This tendency, while not so far advanced, is already detectable in U.S. government. Already, instead of passing unpopular legislation, our Congress and President depend on unelected bureaucrats and judges to impose unpopular rules on us. A very good example of this trend is the way the Obama Administration is defending Obamacare in court: Congress very carefully avoided calling the fines people will pay for being uninsured “taxes” because they knew that new taxes would break the President’s campaign promise and also make Obamacare harder to pass. But now that the Administration is defending Obamacare in court, and the case for its constitutionality under the Commerce Clause is shaky, they’re asserting that those same fines come under the federal government’s constitutionally granted power to tax. It’s high time the American people reined in our government. Daniel Hannan’s timely warning makes it clear what the stakes are, and he points us to the tools we’ll need for the job.

Leadership and Crisis
by Bobby Jindal
Regnery, 2010
$27.95, 256 pp.
Bobby Jindal knows both crisis and leadership. Jindal was head and shoulders above the general standard of leadership in the Hurricane Katrina horror: detached-seeming President Bush, less-than-competent Mayor Nagin, weepy Governor Blanco. And his actions as governor in the BP oil spill were widely admired, particularly in contrast with the Obama administration’s fumbles.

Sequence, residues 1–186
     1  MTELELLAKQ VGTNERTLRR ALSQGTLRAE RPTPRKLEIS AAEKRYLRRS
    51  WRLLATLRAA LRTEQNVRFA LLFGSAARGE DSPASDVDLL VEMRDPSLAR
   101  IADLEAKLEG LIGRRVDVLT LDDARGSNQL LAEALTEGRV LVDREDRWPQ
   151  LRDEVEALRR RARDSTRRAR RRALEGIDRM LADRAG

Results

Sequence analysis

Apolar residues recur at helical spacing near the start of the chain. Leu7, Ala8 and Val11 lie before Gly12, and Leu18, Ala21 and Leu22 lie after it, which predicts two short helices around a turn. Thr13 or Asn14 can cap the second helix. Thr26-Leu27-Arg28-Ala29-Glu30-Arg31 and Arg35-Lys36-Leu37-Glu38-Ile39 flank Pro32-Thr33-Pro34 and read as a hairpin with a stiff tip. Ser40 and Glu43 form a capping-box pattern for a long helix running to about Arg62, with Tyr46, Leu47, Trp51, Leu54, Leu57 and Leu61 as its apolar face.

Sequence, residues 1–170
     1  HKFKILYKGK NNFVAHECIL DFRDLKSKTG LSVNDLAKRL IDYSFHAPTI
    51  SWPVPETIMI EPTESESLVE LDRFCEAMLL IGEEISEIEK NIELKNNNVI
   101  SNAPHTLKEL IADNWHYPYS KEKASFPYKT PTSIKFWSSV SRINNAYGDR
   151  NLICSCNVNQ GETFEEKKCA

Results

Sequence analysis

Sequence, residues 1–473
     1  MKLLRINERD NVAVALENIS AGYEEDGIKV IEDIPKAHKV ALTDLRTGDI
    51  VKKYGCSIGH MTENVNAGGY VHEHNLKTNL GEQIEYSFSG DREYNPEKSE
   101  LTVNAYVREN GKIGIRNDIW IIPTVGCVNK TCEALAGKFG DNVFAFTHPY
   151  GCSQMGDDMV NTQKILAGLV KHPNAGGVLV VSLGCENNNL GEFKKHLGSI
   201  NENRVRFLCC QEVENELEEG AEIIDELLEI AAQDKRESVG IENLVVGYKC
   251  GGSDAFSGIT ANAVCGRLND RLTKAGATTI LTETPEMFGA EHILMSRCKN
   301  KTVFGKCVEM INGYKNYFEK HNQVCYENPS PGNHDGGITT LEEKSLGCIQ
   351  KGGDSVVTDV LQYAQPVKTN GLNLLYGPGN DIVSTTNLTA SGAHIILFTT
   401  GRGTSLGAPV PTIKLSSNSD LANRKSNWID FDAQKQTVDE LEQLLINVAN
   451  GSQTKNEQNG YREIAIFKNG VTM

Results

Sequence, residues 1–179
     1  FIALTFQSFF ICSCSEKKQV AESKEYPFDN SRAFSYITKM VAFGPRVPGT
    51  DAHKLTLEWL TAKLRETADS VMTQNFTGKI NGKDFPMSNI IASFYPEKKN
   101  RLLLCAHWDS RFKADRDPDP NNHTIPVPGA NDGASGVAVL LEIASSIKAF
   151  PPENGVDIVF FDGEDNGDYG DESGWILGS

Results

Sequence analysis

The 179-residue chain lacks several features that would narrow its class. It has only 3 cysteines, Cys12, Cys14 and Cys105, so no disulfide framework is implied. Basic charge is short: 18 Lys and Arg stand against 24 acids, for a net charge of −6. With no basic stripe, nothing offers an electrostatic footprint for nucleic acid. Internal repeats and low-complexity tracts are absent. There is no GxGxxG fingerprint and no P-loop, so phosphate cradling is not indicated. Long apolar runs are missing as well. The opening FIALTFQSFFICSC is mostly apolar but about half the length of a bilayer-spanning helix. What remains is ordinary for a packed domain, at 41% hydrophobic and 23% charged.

Jindal supplies inside stories from both disasters. Learning about the fiasco that followed in the wake of Katrina, the reader is forced to the conviction that we’ve bred up a horde of locust-like officials—reminiscent of the “swarms of Officers to harass our People, and eat out their substance” in the Declaration of Independence—whose raison d’être is to stop other people from doing anything useful. The demand that private motor boat owners produce insurance papers before they’re allowed to rescue flood victims is one case in point.
Besides his accounts of Katrina and the oil spill, Jindal offers solutions for stubborn national political problems and interesting autobiographical stories, including an account of his conversion to Christianity. Bobby Jindal is a Republican politician to watch, and this book offers a closer look.

Reforming Our Universities: The Case for an Academic Bill of Rights
by David Horowitz
Regnery, 2010
$27.95, 256 pp.